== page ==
Duke researchers have developed mathematical models to predict the growth trajectory of cancerous tumors.

Richard Durrett, James B. Duke professor of mathematics, and Anne Talkington, Trinity '15, are using probability theory to create a model predicting the growth trajectories of different types of tumors. Such predictions may help doctors decide which treatment to prescribe to a particular patient.

“Now we’re learning more about how different types of tumors grow and about what growth trajectories they’re taking and how fast they’re growing,” Talkington said. “Hopefully that will be able to inform doctors about what exactly is going on in the patient’s body and make it easier for them to come up with a treatment approach.”

Because there are treatments that are only effective during early stages of certain types of cancer, knowing the growth trajectories of tumors could also help doctors determine the efficacy of particular treatments, Talkington explained.

The method for comparing mathematical models of tumor growth is outlined in a study Durrett and Talkington published online in the Bulletin of Mathematical Biology.

Talkington explained that the duo met its greatest challenge in developing a model that could utilize the sparse data that can be collected from cancer patients, who often begin treatment as soon as possible after being diagnosed. Ethical and logistical issues prevented the team from taking more than two measurements from each patient Durrett and Talkington tested.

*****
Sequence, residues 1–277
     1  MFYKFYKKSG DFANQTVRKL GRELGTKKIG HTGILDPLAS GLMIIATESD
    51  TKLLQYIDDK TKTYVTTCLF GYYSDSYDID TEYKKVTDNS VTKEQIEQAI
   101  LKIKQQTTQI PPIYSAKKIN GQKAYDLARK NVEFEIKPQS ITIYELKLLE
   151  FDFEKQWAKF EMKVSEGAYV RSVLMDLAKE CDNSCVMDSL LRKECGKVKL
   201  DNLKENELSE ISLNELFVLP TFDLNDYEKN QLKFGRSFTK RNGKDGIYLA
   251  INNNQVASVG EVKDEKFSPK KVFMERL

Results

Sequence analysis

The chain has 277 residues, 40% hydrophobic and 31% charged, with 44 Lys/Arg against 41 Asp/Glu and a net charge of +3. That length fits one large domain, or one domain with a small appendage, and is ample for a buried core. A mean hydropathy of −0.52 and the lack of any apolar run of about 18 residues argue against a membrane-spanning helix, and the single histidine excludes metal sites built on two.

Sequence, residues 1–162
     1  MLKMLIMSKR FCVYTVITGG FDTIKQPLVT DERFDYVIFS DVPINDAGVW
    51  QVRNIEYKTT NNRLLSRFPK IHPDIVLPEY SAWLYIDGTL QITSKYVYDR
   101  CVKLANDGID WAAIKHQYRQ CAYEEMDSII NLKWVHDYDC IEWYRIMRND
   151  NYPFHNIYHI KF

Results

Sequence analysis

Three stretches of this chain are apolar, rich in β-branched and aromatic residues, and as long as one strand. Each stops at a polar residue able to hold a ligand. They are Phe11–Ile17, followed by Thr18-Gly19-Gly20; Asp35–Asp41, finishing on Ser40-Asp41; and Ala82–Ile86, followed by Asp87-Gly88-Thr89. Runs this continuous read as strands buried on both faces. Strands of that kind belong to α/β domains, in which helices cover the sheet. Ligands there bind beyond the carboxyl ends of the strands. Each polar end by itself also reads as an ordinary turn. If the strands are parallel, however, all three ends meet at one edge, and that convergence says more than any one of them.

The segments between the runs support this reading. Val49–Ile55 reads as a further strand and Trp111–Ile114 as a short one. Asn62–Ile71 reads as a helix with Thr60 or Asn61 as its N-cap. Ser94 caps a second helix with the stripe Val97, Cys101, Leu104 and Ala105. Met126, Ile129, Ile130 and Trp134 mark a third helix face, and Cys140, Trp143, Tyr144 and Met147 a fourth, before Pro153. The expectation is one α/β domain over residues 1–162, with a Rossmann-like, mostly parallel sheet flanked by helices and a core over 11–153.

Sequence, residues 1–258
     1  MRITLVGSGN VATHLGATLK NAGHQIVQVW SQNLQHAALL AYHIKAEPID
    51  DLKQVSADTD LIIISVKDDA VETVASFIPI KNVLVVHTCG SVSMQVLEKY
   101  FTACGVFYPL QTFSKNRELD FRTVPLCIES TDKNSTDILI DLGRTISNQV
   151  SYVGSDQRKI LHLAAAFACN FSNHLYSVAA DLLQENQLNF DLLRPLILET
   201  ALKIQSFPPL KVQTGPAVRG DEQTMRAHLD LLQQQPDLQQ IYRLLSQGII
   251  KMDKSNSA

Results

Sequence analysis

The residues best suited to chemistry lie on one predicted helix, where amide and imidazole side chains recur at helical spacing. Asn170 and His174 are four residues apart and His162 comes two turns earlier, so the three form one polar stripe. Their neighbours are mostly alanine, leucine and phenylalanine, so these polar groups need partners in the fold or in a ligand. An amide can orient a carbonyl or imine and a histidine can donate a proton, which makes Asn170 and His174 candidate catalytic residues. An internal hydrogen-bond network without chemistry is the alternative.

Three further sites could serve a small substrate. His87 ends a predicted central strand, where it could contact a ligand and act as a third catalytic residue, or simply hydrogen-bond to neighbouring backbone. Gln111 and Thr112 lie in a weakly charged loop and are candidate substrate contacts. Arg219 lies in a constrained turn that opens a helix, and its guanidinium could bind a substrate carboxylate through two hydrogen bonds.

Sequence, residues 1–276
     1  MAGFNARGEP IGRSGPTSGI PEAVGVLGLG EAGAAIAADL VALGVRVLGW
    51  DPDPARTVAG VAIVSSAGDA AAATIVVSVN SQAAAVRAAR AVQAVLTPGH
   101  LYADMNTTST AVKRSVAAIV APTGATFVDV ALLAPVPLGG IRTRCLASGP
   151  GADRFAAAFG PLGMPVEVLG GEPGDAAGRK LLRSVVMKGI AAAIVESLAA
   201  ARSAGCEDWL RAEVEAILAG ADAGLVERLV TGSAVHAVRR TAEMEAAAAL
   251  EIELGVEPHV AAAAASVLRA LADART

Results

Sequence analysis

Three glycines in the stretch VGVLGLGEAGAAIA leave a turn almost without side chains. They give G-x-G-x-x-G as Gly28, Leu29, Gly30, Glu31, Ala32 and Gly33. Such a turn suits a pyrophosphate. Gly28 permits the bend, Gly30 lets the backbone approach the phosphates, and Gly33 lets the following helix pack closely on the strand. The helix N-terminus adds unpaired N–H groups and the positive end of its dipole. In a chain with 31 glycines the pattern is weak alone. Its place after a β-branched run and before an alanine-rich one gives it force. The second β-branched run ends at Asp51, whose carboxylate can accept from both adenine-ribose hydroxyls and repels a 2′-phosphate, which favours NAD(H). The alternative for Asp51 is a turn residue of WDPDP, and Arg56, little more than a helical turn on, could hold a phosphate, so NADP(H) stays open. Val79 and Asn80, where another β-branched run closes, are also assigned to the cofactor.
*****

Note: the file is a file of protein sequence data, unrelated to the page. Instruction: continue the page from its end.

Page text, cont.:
Tumor size was measured immediately after diagnosis, and immediately before treatment started, with the study explaining how to interpret models of tumor growth using just two time-point measurements.

“The problem was with a tumor you can’t just say, ‘I’m going to just let this person’s tumor grow and measure it from time to time,’” Talkington said. “You’re going to want to treat the person.”

Data collected from a patient who had already started treatment would be invalid, as the treatment would affect the growth rate of the tumor, she explained.

Although the lack of human data was an obstacle—typically tumor growth models are produced using mice or under other laboratory conditions—Durrett and Talkington were able use math to adjust their model to the data.

“We began with models that were originally constructed to work with continuous time, but we discretized the model so that it depended on two time points and we looked at the growth or the change in volume as our one data point per patient,” Talkington said.

Durrett explained that the team then charted the change in tumor volume of a number of patients against a variety of standard models. Their logic was that on the correct model, estimated growth rate would be uncorrelated with the size of the tumor, and on the incorrect model, the growth trajectory of the tumors would change as the size of the tumors changed.

The intricacy of biological systems made developing models that were precise but practical given the constraints especially difficult, Durrett said.

“I’m a mathematician so I’d like to report on models I can analyze exactly,” he said. “The biggest challenge is to make a model that is accurate but at the same time is accessible to mathematical work. If a model is too complicated, and biologists want to put every little bit of biology they think is important in there, and that makes it too hard to study. If you have too many parameters it gets hard to see the data. The main thing is, it’s hard to find an accurate model you can analyze.”

Since publishing the study, Durrett and Talkington have started adapting their models to calculate the growth rates of tumors treated with immunotherapy.

“We’re taking the models we had, we’re making them more complex and we’re adding new equations to represent immune system, treatment and different factors of the patients own immune system,” Talkington said. “Our goal for the next few months is to explore these systems.”